Friday, 24 February 2012

Aspirin prevents cancer by reducing dilation of lymphatics by inhibiting prostaglandin production

reposted from: via The Week magazine, Health & Science.
Reference:  Tara Karnezis, Ramin Shayan, Carol Caesar, Sally Roufail, Nicole C. Harris, Kathryn Ardipradja, You Fang Zhang, Steven P. Williams, Rae H. Farnsworth, Ming G. Chai, Thusitha W.T. Rupasinghe, Dedreia L. Tull, Megan E. Baldwin, Erica K. Sloan, Stephen B. Fox, Marc G. Achen, Steven A. Stacker, 'VEGF-D Promotes Tumor Metastasis by Regulating Prostaglandins Produced by the Collecting Lymphatic Endothelium', Cancer Cell, 21, 2, 14 February 2012, pp. 181–195

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Prostaglandin production is increased by VEGF-D+ which is produced by metastatic cancer cells. Increased prostaglandin leads to dilation of lymphatic vessels allowing cancer cells to spread. Aspirin prevents cancer by inhibiting prostaglandin production, narrowing lymphatic vessels, restricting spread of cancer.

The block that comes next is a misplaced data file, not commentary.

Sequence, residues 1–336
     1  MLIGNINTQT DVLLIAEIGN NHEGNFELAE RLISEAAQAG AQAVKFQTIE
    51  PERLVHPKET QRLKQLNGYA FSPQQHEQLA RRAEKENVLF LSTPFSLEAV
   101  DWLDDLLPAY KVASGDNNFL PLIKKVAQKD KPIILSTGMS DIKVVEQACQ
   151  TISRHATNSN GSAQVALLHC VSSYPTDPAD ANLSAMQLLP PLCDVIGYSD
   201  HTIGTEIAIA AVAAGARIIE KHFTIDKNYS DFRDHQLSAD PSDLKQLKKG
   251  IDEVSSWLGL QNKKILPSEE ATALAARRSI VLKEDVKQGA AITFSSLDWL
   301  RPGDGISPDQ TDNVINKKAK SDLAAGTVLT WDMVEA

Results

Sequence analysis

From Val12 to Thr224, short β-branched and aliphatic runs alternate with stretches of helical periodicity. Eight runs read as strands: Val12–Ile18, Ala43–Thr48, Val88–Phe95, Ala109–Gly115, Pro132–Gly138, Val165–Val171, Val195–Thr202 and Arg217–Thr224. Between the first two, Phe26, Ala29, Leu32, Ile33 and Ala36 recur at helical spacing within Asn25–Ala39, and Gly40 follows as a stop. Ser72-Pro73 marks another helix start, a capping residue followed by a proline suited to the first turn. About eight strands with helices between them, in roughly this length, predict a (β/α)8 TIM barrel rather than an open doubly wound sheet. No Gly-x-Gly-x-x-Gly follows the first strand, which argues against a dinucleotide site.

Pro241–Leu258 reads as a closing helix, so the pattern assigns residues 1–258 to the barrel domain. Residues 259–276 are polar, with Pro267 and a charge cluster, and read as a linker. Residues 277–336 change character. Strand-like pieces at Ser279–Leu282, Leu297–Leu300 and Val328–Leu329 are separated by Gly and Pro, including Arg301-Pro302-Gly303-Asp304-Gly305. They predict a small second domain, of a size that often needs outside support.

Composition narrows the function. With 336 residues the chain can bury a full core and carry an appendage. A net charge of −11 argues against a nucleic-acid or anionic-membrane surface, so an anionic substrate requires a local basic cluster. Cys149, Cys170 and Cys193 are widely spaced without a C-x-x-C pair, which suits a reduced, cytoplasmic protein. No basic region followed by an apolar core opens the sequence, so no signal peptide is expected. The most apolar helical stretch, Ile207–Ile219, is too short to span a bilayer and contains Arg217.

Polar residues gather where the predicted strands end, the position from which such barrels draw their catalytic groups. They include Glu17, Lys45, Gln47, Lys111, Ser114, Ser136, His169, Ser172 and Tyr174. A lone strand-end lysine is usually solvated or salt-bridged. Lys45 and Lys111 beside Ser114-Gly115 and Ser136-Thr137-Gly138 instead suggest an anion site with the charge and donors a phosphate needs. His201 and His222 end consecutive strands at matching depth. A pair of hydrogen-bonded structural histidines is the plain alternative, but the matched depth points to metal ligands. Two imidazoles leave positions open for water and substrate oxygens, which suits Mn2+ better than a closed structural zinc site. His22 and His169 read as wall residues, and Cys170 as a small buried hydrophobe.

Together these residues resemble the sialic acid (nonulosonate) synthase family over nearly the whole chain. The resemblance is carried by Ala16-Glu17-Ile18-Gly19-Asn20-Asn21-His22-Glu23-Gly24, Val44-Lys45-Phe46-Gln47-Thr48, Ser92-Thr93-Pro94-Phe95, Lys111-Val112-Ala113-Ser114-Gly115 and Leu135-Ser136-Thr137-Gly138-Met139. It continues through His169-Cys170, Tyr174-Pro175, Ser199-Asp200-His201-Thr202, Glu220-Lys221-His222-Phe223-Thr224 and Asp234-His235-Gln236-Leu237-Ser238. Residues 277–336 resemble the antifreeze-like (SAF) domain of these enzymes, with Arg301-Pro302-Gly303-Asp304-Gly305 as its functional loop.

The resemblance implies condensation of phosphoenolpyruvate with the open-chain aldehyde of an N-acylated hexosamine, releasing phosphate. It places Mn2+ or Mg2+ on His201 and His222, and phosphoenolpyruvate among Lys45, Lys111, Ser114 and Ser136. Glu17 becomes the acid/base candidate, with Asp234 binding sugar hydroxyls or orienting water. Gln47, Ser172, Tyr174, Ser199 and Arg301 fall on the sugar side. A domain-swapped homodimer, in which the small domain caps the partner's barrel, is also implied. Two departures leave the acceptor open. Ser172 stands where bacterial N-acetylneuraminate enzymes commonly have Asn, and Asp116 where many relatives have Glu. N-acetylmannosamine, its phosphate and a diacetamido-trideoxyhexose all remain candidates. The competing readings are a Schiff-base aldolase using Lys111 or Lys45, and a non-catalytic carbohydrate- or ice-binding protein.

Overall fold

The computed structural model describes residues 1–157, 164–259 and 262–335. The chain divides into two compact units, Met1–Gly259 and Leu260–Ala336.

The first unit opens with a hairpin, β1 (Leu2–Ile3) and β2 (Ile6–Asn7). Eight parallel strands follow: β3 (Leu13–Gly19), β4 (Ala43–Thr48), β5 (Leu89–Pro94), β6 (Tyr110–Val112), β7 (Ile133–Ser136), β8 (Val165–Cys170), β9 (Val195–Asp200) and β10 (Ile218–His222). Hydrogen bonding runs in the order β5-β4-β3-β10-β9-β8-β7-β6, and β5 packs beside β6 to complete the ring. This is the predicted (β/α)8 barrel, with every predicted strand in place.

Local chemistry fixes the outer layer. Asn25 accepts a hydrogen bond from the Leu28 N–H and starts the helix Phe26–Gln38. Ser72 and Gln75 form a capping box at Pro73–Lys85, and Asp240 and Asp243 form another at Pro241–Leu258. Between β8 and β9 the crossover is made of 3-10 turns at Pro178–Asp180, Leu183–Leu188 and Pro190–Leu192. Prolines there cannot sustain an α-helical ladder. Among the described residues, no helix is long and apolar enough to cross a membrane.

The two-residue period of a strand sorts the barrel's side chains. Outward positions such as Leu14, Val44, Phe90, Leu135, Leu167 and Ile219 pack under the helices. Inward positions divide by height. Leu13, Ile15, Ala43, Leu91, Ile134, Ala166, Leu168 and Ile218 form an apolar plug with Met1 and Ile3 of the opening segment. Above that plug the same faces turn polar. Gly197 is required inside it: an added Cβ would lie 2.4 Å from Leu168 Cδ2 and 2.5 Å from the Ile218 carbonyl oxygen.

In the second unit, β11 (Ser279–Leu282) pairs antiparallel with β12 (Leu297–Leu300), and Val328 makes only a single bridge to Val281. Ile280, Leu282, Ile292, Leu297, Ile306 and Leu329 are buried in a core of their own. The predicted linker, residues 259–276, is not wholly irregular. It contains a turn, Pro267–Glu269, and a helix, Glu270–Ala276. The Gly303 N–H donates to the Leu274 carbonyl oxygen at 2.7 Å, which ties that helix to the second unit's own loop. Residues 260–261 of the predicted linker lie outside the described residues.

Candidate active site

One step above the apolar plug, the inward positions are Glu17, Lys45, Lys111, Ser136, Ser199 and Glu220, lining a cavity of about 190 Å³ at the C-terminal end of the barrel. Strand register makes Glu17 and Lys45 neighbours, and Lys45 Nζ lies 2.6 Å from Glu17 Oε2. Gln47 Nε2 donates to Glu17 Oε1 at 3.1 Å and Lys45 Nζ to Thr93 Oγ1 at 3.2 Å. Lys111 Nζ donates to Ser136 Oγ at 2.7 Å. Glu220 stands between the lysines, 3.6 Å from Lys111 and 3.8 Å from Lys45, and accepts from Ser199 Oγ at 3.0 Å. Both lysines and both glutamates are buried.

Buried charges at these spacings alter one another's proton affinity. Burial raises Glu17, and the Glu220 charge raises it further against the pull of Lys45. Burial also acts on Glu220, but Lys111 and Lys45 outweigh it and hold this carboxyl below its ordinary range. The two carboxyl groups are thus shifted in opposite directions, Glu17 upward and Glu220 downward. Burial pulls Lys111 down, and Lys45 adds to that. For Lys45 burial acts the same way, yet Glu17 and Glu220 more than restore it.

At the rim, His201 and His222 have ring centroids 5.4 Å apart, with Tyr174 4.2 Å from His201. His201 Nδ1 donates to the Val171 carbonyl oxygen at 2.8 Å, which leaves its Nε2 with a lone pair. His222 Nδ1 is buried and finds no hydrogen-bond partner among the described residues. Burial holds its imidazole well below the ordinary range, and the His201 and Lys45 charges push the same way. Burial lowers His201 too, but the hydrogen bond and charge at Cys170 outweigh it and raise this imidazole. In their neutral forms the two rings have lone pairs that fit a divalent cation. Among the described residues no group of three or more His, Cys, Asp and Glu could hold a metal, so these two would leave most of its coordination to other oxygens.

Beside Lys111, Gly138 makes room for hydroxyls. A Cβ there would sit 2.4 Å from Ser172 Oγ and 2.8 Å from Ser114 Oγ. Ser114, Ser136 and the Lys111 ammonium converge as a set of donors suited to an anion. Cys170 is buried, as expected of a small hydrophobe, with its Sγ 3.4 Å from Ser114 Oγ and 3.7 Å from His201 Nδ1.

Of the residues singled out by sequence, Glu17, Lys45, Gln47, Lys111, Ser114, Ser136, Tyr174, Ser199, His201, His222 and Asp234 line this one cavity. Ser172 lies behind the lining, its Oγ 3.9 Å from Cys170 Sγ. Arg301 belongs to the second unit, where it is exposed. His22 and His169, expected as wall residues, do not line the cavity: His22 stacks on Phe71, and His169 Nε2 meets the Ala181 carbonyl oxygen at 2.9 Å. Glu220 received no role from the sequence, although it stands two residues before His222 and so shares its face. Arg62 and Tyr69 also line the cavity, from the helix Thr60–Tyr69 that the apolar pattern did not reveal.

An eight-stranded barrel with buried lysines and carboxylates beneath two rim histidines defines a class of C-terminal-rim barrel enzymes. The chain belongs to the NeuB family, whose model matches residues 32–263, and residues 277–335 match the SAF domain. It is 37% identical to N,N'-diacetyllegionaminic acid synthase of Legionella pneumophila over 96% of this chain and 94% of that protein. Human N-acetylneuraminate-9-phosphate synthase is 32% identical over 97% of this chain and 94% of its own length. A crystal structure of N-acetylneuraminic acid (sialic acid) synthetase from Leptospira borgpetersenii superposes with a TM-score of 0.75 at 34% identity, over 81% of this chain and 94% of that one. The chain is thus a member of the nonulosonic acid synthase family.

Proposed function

Abstract: Lymphatic metastasis is facilitated by lymphangiogenic growth factors VEGF-C and VEGF-D that are secreted by some primary tumors. We identified regulation of PGDH, the key enzyme in prostaglandin catabolism, in endothelial cells of collecting lymphatics, as a key molecular change during VEGF-D-driven tumor spread. The VEGF-D-dependent regulation of the prostaglandin pathway was supported by the finding that collecting lymphatic vessel dilation and subsequent metastasis were affected by nonsteroidal anti-inflammatory drugs (NSAIDs), known inhibitors of prostaglandin synthesis. Our data suggest a control point for cancer metastasis within the collecting lymphatic endothelium, which links VEGF-D/VEGFR-2/VEGFR-3 and the prostaglandin pathways. Collecting lymphatics therefore play an active and important role in metastasis and may provide a therapeutic target to restrict tumor spread.

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